Hi! I'm an academic in Australia. I teach English Education and my research interests include new literacies, digital fiction, fan fiction, blogging, identity, pop culture, computer games, systemic linguistics, feminism and young people online. Recently I have been teaching and researching in the virtual world of Second Life, where I am known as Anya Ixchel.
Following my previous post about the dark skinned avatar, Celebrity Trollop, Second Style fashion magazine editor, modelled one of her favourite dark skins for me, and pointed me to these divine Raspberry and Cow Skins, which just goes to show that I haven’t been getting out much in SL! A gorgeous array of multiple toned skins representing a range of ethnicities. Isn’t Celebrity just fabulous - I love her “I am woman see me roar” poses!
I bought several packs because the skins are just so beautiful. I wore the “Rachel” skin for hours and felt very Dreamgirls-like, but right now I just can’t take off the “Susan” skin, because she looks like she comes from a Botticelli painting!
I am wondering, when the body is purely art, what we can make of a culture in which body modification allows us to freely become another gender, another race, another species. “Real life” physical body modification practices such as asians having their eyelids modified to resemble non-Asian eyes are considered controversial at best. When I walked around with a dark skin I thought I looked beautiful, but I also considered the fact that there is a sense of “taboo” about appropriating another person’s race for the sake of art, or experimentation, or comedy. Remember when Ted Danson (dating Whoopie Goldberg at the time) wore a “blackened” face to a party and was slammed by the media for it?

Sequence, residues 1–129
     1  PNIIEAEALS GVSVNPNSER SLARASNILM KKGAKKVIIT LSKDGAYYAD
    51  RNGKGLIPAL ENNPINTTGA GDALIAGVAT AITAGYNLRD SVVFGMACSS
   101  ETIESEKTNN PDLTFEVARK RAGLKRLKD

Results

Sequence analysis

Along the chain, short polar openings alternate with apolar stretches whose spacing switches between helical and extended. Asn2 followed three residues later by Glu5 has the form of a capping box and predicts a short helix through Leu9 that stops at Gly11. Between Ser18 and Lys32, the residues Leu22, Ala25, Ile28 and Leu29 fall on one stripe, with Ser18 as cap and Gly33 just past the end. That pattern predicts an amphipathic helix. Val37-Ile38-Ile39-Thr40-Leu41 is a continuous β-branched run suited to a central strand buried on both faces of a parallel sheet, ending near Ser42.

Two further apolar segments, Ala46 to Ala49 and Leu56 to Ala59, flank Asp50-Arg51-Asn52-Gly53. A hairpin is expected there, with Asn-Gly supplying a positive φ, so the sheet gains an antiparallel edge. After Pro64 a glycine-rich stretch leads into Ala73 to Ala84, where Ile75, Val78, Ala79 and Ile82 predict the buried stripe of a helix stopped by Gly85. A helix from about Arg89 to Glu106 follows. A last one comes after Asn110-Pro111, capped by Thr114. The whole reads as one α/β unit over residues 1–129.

Are there no taboos in Second Life?
It seems to me that in a world where we can be anything, if I wear an Asian skin, an Indian skin, or a Mediterranean skin, its just me saying “your look is beautiful to me”. I can’t imagine anybody would seriously equate manipulating skin colour of the avatar with any form of racial discrimination. Or would they?
Skyping at 2:45am for me, we begin to map out our workshop for this conference. Here’s the overview for the conference program…
Embodiment in Virtual Environments: Exploring Literacies, Identity, Research, and Community
Charles Kinzer, mathematics, science, and technology, Teachers College, Columbia University
Angela Thomas, University of Sydney